The England team that visits Australia for the next Women’s Ashes “Down Under”, in around about 2026, is likely to be very different to the side that has just suffered a comprehensive defeat in 2022.
By 2026, most of the batters who started this series will have retired – Heather Knight and Lauren Winfield-Hill will be 35, Tammy Beaumont and Danni Wyatt 34, Nat Sciver 33 and Amy Jones 32. Of the bowlers, Katherine Brunt will be 40 and Anya Shrubsole 34.
So what might England look like in 2026?
In the spirit of seeking out a “Next Generation”, I’ve deliberately not included anyone who will be 30 (or older) in 4 years time. But this still leaves us with a team with an average age of 25, and plenty of experience behind them, bearing in mind that all of these players are already playing regional cricket and The Hundred.
- Emma Lamb (Age 28, in 2026)
- Bryony Smith (28)
- Grace Scrivens (22) (Vice Captain)
- Alice Capsey (21)
- Sophia Dunkley (27) (Captain)
- Dani Gibson (24)
- Bess Heath (24) (Wicket Keeper)
- Charlie Dean (25)
- Sophie Ecclestone (26)
- Emily Arlott (27)
- Lauren Bell (25)
Will this be the team in 2026? Almost certainly not – it’s a bit spin-heavy, for starters! And anything could happen. Maybe one of the regional pros currently in their mid-to-late-20s will have a late-career “burst” and step up to international cricket aged 30? Perhaps one of the players listed will be being kept out of the side by a then-18-year-old we’ve currently never head of – the next Alice Capsey, who breaks through in 2024/25? Or, who knows, Katherine Brunt could still be steaming in aged 40, dropping hints about her coming retirement… after one last hurrah at the 2029 World Cup!
But the core of the side is likely to look a lot like this, and the important point is that this isn’t just an academic question – this is where we should be focussing our resources and investment in regional cricket over the next 4 years. In particular, let’s make sure that all these players are given proper opportunities in The Hundred, batting up the order and bowling their full quota of balls; perhaps even by tweaking the playing conditions to prevent sides limiting the opportunities of young players, because they’ve got 3 international all-rounders who bat in the top 4 and bowl 60 balls between them?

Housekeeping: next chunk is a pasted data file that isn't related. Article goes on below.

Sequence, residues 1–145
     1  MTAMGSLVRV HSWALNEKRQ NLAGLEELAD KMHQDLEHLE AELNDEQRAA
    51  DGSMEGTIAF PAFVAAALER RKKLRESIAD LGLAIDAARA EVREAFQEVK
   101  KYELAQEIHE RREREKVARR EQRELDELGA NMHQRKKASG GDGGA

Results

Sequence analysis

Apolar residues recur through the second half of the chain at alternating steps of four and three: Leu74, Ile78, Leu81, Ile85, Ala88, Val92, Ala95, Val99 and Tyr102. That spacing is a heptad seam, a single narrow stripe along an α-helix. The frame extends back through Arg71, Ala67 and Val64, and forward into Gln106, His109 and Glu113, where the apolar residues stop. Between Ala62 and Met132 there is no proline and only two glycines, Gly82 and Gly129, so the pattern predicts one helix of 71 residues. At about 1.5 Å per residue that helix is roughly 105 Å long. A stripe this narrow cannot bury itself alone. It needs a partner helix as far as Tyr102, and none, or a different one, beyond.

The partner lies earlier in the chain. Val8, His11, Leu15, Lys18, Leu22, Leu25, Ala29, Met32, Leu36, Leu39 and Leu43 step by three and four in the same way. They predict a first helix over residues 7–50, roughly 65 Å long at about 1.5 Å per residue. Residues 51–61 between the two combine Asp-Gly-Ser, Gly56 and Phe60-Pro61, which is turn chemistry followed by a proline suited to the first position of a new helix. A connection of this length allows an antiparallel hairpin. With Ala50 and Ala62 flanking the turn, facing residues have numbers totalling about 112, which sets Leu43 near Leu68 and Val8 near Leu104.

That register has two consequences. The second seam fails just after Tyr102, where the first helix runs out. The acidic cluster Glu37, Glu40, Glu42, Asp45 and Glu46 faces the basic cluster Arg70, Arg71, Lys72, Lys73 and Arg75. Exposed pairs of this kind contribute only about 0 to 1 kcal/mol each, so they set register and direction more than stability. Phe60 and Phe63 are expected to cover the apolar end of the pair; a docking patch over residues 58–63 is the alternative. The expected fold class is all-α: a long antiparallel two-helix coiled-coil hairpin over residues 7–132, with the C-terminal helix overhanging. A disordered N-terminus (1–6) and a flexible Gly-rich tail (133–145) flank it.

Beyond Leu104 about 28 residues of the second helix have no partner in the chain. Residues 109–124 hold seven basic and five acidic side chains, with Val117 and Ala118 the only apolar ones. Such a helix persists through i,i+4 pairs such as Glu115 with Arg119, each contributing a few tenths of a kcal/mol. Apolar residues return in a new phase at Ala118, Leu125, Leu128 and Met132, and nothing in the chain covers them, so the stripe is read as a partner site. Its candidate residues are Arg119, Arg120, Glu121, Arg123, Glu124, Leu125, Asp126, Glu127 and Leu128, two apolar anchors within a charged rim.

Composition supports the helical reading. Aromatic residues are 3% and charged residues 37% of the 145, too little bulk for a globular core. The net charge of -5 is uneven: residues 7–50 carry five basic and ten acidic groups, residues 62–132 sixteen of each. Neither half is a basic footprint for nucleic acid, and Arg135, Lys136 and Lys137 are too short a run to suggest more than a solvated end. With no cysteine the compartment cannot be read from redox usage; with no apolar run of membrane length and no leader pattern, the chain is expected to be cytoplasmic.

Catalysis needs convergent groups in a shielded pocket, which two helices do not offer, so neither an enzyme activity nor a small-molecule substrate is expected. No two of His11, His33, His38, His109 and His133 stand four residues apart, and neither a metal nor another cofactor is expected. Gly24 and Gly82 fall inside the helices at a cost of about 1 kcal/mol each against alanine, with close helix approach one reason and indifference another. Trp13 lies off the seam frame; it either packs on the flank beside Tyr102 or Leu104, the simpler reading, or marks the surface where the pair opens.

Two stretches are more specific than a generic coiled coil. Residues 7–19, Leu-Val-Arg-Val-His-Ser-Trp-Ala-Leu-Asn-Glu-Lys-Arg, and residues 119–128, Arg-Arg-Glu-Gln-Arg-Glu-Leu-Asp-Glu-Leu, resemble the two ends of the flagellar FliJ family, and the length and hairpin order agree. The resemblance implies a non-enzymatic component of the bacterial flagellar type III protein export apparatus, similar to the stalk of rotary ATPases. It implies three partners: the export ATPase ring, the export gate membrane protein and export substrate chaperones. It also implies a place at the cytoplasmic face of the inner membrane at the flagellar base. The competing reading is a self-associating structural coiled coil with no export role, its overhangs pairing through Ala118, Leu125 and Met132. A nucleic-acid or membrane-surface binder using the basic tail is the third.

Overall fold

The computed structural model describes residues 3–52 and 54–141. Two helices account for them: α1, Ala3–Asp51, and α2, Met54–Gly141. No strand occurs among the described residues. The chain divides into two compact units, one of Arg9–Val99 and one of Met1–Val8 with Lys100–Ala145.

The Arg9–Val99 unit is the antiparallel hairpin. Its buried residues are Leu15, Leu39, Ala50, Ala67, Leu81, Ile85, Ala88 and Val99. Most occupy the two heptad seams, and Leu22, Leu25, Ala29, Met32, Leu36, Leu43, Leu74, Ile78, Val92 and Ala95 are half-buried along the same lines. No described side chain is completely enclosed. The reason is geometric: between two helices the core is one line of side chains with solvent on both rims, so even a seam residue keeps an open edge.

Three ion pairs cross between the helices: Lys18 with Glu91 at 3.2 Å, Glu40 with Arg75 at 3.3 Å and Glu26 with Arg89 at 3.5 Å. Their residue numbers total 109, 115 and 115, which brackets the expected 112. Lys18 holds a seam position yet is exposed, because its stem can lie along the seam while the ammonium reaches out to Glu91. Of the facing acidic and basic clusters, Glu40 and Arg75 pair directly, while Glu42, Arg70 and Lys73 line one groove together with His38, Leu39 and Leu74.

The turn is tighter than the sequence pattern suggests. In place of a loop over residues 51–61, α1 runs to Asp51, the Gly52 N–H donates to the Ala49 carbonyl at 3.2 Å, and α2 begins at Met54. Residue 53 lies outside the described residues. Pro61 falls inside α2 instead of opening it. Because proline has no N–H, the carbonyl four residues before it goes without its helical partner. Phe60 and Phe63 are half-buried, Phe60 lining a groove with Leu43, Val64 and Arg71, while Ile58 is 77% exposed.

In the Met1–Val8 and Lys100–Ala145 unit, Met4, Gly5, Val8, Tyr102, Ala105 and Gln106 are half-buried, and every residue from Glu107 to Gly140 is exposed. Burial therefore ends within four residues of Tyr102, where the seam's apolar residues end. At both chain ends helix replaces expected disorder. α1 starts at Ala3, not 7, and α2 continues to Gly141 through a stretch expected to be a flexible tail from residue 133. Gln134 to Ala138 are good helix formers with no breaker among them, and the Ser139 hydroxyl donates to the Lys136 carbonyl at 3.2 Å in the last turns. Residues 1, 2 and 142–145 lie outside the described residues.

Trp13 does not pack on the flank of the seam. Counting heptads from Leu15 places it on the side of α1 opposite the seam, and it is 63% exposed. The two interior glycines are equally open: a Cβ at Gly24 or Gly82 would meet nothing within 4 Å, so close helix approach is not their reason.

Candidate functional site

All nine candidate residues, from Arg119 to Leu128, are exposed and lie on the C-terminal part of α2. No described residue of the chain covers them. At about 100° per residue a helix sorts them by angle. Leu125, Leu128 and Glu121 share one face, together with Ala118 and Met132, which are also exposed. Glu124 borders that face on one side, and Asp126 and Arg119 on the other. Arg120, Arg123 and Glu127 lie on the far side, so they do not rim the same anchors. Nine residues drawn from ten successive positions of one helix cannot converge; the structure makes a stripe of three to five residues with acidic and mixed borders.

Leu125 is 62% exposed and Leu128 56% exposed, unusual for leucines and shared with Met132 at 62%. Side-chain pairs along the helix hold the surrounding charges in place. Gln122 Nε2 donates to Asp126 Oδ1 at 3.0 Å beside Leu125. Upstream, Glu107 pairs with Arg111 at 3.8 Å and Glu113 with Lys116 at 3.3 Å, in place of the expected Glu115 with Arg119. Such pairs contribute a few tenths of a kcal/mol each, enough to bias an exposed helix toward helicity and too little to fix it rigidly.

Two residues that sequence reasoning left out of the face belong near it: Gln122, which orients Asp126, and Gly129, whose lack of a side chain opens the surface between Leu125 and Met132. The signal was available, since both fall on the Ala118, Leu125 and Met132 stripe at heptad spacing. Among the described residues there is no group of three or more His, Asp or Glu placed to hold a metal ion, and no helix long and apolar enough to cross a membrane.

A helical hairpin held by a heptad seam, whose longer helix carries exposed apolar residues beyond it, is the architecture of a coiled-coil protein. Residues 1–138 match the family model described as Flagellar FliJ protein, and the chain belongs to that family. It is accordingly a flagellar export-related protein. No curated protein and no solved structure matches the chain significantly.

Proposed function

Of course this doesn’t guarantee we’ll bring home the Ashes next time we’re over there, but it might help to make it a bit more competitive than it has been this time around.
A nice crystal ball insight!
What would also help is a dedicated, proper, developmental and active England A structure? Accommodating fringe players from the main squad (as the Aussies did!) and up and coming youngsters who we may not even be aware of at the moment! Regular training and a competitive match structure. If not able to play international games try to play counties/100 teams/ RHF or Lottie Cup teams in the different format games? I know this is crystal ballish too, and the age old “when” and “how” will loom up. Time constraints will be a problem too!
Then next an U19, U18, England structure!
Am I going back in time when this “sort of” existed…………
Thought provoking. And yes that point about international all-rounders seems true in The Hundred and the Super Smash. I guess the depth of ability in the game will mature over time and that practice will fade?
Finally, how about Maia Bouchier in that batting order?
[squints at article through mourning veil] Too soon, too soon..🥲
Interesting, Syd – although I think it’s likely that in 2026 we’ll still have at least a couple of the “aged 28+ now” group in the England side. I’ve seen enough though of Scrivens, Heath and Gibson to be confident they will be in or around the team if they stay on track. Very promising players. Bouchier and Griffith maybe as well? Like you say any number of new youngsters could emerge over the next 3 years as well.
It would be interesting to do the same analysis with Australia. Their 2026 team sans-Perry, Lanning, Healy et al would also look very different I expect. Evan “new” players McGrath and King will be 30+ by 2026, Mooney as well.
Yes I agree. Depressing if we continue to regard 30 as the default retirement age in international women’s cricket, as that will make us so much weaker. Management of players via central contracts can keep them fit for so much longer, just look at Jimmy Anderson.
Subject to one reservation, I think Sir Humphrey would have described your selection list as “courageous”, particularly as it is being made four years in advance.
My reservation is that I completely agree with your choice of Sophia Dunkley as captain (assuming, of course, that Heather Knight is too old / too retired to be still in the job).
Which was sort-of the point 🙂
Though it does seem to have upset quite a lot of people, which definitely wasn’t 😦